When We Collided by Emery Lord
To be published on April 5, 2016
Source: ARC for review from publisher
Summary from ARC: Vivi and Jonah couldn't be more different. Vivi craves anything joyful or beautiful that life can offer. Jonah has been burdened by responsibility for his family ever since his father died. As summer begins, Jonah resigns himself to another season of getting by. Then Vivi arrives, and Jonah's life suddenly seems brighter, better and much more colorful. For Vivi, Jonah is the perfect project, her spontaneity balancing out the weight of her reality. Their love becomes the answer to everything. But soon Vivi's zest for life falters, as her adventurousness becomes true danger-seeking. Jonah tries to keep her safe, but there's something important Vivi hasn't told him. When Vivi and Jonah's pasts collide with the present, will their love be strong enough to last?
Review of When We Collided by Emery LordI'm a fan of Emery Lord - in three YA books, she's managed to take very familiar YA premises - road trips and music, a character recovering from the death of someone close to her, and, in this book, mental illness - and make them into something fresh and engaging.
Still, I was pretty wary of this book. The synopsis pretty much screams Manic Pixie Dream Girl, and those characters aren't my favorite. Two years ago, I did a post on this type of character and why I find it annoying. One of the reasons is that an MPDG is usually not a character in her own right, but more of a catalyst who helps the main (male) character learn important life lessons.
But I (finally) read When We Collided, and there were a lot of things I did like about it. First off, I love Emery Lord's writing. There's something about it that just draws me in every time. I loved the book's small town setting, and Jonah's family, who reminded me a lot of the characters in My Life Next Door. No, Vivi wasn't my favorite character, but the book made me empathize a lot with her.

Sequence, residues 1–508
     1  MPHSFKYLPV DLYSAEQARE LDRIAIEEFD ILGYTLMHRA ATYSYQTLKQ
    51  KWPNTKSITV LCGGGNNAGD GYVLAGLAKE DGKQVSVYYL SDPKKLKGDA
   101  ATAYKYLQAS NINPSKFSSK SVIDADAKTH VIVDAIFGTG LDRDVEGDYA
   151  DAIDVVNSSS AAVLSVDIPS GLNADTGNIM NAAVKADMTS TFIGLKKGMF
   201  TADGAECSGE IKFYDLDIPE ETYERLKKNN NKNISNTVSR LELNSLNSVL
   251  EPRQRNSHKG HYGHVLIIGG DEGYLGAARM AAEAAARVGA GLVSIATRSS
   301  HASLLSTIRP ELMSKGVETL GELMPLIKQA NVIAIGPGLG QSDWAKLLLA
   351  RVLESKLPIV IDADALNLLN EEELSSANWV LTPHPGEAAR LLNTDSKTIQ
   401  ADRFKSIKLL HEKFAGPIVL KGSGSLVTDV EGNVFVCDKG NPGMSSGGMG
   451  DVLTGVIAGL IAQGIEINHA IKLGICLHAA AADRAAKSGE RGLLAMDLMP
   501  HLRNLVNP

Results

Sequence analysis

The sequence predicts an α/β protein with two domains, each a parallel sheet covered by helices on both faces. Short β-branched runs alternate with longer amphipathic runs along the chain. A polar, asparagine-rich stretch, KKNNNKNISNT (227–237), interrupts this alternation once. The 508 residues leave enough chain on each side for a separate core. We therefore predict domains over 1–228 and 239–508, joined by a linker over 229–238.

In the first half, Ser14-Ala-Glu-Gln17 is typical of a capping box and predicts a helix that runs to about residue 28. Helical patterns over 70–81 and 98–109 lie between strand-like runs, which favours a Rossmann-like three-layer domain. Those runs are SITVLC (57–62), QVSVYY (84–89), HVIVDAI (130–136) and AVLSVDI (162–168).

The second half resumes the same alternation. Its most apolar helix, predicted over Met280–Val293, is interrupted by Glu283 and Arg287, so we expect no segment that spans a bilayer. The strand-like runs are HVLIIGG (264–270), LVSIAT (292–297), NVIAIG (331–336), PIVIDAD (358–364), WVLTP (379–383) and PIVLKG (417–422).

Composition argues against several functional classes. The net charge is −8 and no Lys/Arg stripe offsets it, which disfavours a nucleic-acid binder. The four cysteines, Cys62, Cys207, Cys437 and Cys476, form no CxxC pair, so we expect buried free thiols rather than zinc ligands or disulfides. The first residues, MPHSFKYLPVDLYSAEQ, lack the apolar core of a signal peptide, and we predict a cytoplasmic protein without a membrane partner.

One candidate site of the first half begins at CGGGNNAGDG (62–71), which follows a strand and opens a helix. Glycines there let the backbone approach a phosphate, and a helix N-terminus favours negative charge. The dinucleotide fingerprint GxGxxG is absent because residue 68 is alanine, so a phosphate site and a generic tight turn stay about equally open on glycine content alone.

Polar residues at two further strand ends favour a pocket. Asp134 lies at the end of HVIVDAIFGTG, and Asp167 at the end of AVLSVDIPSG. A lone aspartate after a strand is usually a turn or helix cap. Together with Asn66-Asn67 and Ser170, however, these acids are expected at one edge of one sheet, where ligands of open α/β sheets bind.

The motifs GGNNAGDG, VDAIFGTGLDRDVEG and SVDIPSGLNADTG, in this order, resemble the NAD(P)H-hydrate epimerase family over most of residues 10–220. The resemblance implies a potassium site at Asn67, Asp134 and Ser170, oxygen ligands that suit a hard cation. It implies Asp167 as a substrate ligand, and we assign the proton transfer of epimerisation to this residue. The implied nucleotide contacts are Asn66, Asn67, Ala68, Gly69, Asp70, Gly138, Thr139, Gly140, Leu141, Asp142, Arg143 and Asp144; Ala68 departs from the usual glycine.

The book deals with both mental illness and loss, and does so in a very moving way. Though the blurb above emphasizes this as a romance, I wouldn't call this a romantic book at all. Even though the romance in this (and the ending) was handled in the best way it could have been. I was happy that the book didn't wave a magic romance wand over everything and suggest that love fixes everything. It doesn't. Overall, this book took me on a completely different emotional journey than the one I went on in Open Road Summer. This book was definitely darker and more serious, and made me feel sad throughout.
Like Huntley Fitzpatrick, Lord balances the dark and light in her contemporary YA books in ways I find interesting. Both authors started with lighter books and seem to be trying out some darker themes. It's possibly just where I am as a reader right now, but I wouldn't mind a few steps back into the light!
How do you feel about books with darker, more serious themes versus lighter ones? Do you prefer one over the other? Do you switch off? Tell me in comments!